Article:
A new basal ornithopod dinosaur (Frenchman Formation, Saskatchewan, Canada), and implications for late Maastrichtian ornithischian diversity in North America
Version of Record online: 25 NOV 2011
© 2011 The Linnean Society of London
Zoological Journal of the Linnean Society
Volume 163, Issue 4, pages 1157–1198, December 2011
How to Cite
BROWN, C. M., BOYD, C. A. and RUSSELL, A. P. (2011), A new basal ornithopod dinosaur (Frenchman Formation, Saskatchewan, Canada), and implications for late Maastrichtian ornithischian diversity in North America. Zoological Journal of the Linnean Society, 163: 1157–1198. doi: 10.1111/j.1096-3642.2011.00735.x
- Issue online: 25 NOV 2011
- Version of Record online: 25 NOV 2011
- Received 5 November 2010; revised 20 January 2011; accepted for publication 24 January 2011
A small, articulated basal ornithopod skeleton from the Frenchman Formation (late Maastrichtian) of Saskatchewan (RSM P 1225.1), previously referred to the taxon Thescelosaurus, differs from both recognized species of this taxon (Thescelosaurus neglectus and Thescelosaurus garbanii). The differences are taxonomically informative and we recognize this specimen as the holotype of a new species, Thescelosaurus assiniboiensis sp. nov., diagnosed by the presence of two autapomorphies, and displaying plesiomorphic traits more similar to those of Parksosaurus, than to those of the other Thescelosaurus species. The Frenchman Formation also harbours an intriguing faunal assemblage in which Thescelosaurus represents one of the most abundant dinosaur taxa, and preserves a relatively high proportion of small (putatively juvenile and subadult) specimens of many dinosaur taxa. Further work that increases the faunal sample from this formation, and that permits quantitative comparisons with contemporary formations, will determine whether or not these differences are well supported, and will determine their ultimate palaeobiological significance. Identification of a third species of Thescelosaurus from the late Maastrichtian of North America suggests that this taxon was more diverse than previously recognized, and shows an increase in diversity from the Campanian through the late Maastrichtian, contrasting the trends seen in most other ornithischian clades.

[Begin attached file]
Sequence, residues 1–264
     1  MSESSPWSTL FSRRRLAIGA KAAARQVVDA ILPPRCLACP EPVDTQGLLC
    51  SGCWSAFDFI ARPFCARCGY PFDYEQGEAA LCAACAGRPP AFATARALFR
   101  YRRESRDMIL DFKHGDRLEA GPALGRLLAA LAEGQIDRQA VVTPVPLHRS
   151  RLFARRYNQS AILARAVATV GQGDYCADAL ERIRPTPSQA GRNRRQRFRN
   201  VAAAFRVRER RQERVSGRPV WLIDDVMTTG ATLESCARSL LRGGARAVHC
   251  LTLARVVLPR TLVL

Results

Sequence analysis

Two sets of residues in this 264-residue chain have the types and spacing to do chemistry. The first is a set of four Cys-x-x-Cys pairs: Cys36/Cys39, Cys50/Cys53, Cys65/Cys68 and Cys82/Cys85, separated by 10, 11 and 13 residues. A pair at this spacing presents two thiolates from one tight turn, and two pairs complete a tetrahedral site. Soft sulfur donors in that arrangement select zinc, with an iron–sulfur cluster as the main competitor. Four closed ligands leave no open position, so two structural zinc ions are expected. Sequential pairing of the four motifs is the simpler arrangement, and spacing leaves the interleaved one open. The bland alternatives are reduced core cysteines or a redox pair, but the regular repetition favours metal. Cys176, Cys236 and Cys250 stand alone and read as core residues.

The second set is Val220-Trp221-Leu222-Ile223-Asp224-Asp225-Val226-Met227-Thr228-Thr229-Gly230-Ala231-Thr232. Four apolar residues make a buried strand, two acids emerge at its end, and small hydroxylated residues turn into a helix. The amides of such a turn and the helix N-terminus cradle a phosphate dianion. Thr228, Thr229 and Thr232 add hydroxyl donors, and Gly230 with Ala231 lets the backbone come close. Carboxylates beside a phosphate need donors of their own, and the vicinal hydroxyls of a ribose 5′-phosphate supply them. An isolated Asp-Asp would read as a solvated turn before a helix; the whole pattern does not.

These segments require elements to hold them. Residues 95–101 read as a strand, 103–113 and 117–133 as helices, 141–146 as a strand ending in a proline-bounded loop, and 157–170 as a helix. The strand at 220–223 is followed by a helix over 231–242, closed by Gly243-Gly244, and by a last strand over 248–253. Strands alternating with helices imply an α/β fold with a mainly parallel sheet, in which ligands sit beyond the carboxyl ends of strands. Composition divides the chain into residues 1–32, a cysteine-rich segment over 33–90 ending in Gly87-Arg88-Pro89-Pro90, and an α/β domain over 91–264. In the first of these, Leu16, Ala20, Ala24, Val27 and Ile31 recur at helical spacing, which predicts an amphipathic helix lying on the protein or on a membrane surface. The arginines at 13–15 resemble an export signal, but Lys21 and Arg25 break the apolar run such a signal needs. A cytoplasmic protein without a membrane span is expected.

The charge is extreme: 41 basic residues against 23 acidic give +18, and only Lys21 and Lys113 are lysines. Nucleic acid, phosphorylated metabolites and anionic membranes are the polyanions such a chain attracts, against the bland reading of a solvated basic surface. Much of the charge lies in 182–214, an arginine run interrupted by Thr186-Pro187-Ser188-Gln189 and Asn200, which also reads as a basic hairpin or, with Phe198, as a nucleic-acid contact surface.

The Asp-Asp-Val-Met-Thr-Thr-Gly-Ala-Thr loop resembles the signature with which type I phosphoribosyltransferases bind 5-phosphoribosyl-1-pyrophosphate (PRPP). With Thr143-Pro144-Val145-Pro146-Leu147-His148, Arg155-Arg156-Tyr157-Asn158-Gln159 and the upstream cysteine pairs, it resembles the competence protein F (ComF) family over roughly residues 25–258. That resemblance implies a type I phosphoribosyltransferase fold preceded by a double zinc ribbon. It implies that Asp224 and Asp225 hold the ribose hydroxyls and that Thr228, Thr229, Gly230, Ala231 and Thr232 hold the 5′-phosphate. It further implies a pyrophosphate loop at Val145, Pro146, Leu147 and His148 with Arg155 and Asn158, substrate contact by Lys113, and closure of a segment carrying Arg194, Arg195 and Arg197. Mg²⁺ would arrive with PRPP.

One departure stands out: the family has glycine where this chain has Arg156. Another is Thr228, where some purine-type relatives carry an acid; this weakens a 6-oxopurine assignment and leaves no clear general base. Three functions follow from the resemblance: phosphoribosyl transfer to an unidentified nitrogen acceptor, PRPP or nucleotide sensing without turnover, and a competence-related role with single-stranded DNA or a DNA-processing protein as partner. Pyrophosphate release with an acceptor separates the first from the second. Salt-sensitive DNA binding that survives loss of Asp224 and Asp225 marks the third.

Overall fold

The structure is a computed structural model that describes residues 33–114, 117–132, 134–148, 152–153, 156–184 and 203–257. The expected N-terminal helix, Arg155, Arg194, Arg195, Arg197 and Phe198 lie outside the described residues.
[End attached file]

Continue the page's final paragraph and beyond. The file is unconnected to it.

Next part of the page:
© 2011 The Linnean Society of London, Zoological Journal of the Linnean Society, 2011, 163, 1157–1198.